Longing For Paris Trains, 
Cramped Showers And Sore Feet
 

Celia Jones
 

© Copyright 2003 by Celia Jones

Photo of a Paris street.

I have never witnessed a longer sunrise, or a longer day. From the plane, we followed the sun backwards in time towards our ultimate destination for the first leg of the trip--Paris. The neat, regular layers of colour on the horizon of red, orange and yellow resembled a child’s colouring of a setting sun. It was a relief to be on the way after a solid week of preparations dominated by to-do lists designed to give one the illusion that you could still control everything on the Australian home front though you will be 12,000 miles away for five weeks.

We were travelling Thai Air via Bangkok to Paris; after a three-night stay in Paris we were to fly to London and explore England and Wales by hire car. Then, after two weeks, my husband Allan and I were to fly from London to Dulles (Washington, DC) Airport to stay with my brother in Maryland, where my sister and niece would join us. In the planning of our itinerary, it all seemed easy, only inches on the little map, but with all those miles ahead of us, I felt like we were facing a mammoth undertaking. Having made several long journeys back to the US, I was relatively calm with my only concern being Deep Vein Thrombosis.

It was a nine-hour journey to Bangkok, where we had a three-hour stopover, wandering from one booth to another, inspecting the fine silver and gold crafted jewellery and silky, diaphanous saris on sale. We walked for hours exploring the exotic goods jam-packed in all the little shops until it was time to again board the plane for Paris. Even looking at the word—Paris--on the departure screen made me shiver. My last trip to Paris was when I was a callow 19-year old embarking on a solo European adventure. There is a lifetime between the gutsy teenager asserting her independence from her parents and the middle-aged, retired grandmother I am now.

Even the 12 more hours of physical torture cramped in an economy seat, where it was a struggle to wedge yourself out to go to the toilet, couldn’t dampen my excitement at beginning our overseas holiday. On our way, we passed over Poland, my parents’ birthplace, and all the ‘stan countries’ (i.e.Uzbekestan, Tajikstan, Kazakstan, perhaps Afghanistan) which appeared like tiny points of light. I imagined the peasants below rising with the dawn in their little houses, eating hearty bowls of porridge and pork in preparation for a laborious day in the frost-encrusted fields, while we were cocooned and overheated in our metal, hermetically sealed cylinder. Our breakfast-- poached eggs and a sausage--resembled the plastic food display of a Japanese restaurant, and tasted exactly how it looked.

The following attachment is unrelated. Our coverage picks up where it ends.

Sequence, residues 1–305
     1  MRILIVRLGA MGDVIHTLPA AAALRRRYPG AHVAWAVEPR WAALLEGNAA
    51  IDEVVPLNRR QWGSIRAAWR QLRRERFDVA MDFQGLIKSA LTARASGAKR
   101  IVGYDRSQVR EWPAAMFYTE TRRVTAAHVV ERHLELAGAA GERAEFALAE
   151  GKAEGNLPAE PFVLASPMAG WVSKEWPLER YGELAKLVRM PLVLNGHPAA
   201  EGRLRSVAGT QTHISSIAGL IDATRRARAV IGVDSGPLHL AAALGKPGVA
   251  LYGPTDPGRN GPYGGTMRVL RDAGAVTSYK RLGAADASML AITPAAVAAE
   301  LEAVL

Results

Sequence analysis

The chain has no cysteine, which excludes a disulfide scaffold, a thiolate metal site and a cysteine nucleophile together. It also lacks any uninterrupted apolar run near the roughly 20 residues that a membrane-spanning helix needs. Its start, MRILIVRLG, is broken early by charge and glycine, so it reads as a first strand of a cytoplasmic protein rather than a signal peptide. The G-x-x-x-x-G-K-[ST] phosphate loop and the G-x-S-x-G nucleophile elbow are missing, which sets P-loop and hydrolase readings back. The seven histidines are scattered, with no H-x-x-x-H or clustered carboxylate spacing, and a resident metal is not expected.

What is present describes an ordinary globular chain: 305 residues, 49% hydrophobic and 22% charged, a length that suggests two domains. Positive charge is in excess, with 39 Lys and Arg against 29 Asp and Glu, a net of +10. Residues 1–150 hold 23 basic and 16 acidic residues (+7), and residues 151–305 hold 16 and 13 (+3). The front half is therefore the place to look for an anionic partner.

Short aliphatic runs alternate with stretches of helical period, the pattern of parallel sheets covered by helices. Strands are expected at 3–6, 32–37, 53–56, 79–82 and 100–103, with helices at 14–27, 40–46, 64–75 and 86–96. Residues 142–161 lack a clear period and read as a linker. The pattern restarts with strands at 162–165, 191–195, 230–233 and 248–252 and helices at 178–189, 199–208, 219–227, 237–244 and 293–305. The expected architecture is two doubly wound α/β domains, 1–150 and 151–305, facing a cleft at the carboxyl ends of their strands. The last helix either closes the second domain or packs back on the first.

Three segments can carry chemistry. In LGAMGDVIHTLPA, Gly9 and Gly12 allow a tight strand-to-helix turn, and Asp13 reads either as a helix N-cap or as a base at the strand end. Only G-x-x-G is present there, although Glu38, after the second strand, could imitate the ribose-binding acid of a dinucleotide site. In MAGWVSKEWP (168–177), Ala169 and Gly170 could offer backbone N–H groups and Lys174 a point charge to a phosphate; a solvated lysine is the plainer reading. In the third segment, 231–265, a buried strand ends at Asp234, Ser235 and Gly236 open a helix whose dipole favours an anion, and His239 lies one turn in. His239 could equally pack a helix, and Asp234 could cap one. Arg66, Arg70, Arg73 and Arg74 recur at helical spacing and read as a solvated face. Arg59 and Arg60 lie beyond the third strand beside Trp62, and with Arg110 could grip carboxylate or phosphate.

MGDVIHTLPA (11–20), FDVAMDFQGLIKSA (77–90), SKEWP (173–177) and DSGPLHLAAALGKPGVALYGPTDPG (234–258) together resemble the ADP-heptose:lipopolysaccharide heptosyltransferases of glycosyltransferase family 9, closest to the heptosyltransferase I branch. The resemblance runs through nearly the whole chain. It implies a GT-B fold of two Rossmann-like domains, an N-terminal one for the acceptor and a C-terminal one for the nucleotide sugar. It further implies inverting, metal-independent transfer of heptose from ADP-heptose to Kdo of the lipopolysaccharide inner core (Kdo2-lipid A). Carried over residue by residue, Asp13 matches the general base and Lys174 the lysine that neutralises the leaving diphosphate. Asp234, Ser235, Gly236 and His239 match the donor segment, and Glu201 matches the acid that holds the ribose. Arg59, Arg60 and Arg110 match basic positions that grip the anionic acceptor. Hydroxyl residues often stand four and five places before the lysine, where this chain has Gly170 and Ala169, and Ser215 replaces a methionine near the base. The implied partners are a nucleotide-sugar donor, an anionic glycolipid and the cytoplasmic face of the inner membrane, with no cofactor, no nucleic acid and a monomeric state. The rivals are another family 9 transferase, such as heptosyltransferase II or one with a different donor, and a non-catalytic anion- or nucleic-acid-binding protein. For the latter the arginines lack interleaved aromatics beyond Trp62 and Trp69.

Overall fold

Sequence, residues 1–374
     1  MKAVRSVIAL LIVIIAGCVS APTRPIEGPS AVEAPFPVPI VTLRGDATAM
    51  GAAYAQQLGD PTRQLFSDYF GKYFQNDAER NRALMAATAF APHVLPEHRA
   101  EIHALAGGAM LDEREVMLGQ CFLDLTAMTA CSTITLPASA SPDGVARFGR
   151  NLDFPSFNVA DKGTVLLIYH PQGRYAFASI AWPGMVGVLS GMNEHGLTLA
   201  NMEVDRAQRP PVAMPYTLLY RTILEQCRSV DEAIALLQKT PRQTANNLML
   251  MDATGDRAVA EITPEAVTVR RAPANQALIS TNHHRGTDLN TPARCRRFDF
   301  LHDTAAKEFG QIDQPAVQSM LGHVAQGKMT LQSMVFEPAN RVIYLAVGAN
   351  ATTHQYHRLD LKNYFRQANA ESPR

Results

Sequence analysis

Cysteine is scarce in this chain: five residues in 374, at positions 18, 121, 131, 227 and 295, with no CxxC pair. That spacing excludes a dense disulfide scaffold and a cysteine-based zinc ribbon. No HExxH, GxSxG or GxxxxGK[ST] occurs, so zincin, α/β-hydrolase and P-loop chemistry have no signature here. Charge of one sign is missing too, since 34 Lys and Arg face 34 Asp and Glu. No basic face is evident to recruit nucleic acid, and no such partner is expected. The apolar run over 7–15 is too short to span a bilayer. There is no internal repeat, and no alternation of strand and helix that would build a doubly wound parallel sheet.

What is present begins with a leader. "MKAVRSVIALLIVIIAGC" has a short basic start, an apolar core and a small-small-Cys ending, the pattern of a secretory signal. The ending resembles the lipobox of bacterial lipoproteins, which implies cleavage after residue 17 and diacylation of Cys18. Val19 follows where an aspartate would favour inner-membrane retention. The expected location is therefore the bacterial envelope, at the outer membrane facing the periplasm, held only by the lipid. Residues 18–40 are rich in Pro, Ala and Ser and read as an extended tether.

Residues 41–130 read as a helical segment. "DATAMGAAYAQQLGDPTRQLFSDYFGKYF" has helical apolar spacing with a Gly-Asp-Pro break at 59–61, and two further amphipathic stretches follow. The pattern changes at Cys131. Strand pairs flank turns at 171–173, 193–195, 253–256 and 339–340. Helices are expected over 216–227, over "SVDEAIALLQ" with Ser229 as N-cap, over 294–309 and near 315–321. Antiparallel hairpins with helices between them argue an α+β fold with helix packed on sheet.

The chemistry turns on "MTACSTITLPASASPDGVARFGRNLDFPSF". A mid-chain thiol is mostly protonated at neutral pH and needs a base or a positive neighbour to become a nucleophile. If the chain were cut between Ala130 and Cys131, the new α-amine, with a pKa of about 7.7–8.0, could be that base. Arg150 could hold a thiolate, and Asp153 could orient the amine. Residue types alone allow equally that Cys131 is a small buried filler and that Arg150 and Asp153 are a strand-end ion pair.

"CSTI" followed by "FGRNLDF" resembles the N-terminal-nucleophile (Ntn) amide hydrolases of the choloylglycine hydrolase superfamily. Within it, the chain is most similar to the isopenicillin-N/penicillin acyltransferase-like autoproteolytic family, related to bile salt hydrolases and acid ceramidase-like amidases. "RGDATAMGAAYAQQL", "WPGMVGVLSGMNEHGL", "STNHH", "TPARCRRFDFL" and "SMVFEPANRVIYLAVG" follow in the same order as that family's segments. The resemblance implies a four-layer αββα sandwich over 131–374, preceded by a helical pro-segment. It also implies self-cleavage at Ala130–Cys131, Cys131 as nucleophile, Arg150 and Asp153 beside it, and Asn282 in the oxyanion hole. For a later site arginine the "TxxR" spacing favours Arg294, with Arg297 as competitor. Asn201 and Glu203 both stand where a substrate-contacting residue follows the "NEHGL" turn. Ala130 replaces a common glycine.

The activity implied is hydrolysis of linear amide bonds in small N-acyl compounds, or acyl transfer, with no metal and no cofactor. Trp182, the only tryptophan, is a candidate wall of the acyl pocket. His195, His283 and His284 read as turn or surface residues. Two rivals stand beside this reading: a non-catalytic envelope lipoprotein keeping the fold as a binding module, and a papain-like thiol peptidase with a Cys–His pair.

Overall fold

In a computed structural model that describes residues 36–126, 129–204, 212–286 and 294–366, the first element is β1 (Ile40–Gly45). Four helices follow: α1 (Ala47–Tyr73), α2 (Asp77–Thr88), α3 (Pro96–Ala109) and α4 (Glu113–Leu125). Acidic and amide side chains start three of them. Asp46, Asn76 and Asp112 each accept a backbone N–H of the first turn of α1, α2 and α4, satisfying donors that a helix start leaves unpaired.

Finally, we were flying over France, which seemed to have endless green countryside broken at irregular intervals by villages of uniformly regular stone cottages before we finally approached the more populated areas near Paris.

Landing at the Charles de Gaulle airport was certainly different from my first entry as a teenager into Paris by train from Brussels. The airport was ultra-modern with a maze of criss-crossing glass tubes of moving walkways. After claiming our bags, I needed to find a toilet. Anxious to try out my French, I asked several airport employees, who all gave the same answer: “la-bas” (over there) gesturing upwards towards nowhere in particular. I headed in one direction without success, so I asked another worker who also said “la-bas” and pointed in the opposite direction. Getting desperate, I luckily finally spotted a line of people waiting outside a small toilet

Our next task was to find the shuttle bus we’d arranged to take us to our hotel in Paris. No thanks to the airport employees who seemed reluctant to give out any information, we stumbled on the general area for the bus pickups. I approached a white-haired, dishevelled gentleman in a crumpled grey suit sitting dispiritedly at a counter. When I started to ask him in English about the city shuttle bus, he raised an angry bloodshot eye and growled, “Oh, la!” “What’s your problem?” I growled back, irritable from the journey and determined to not be intimidated by this Gallic version of Basil Fawlty, an abusive hotel manager from a 70’s English comedy series.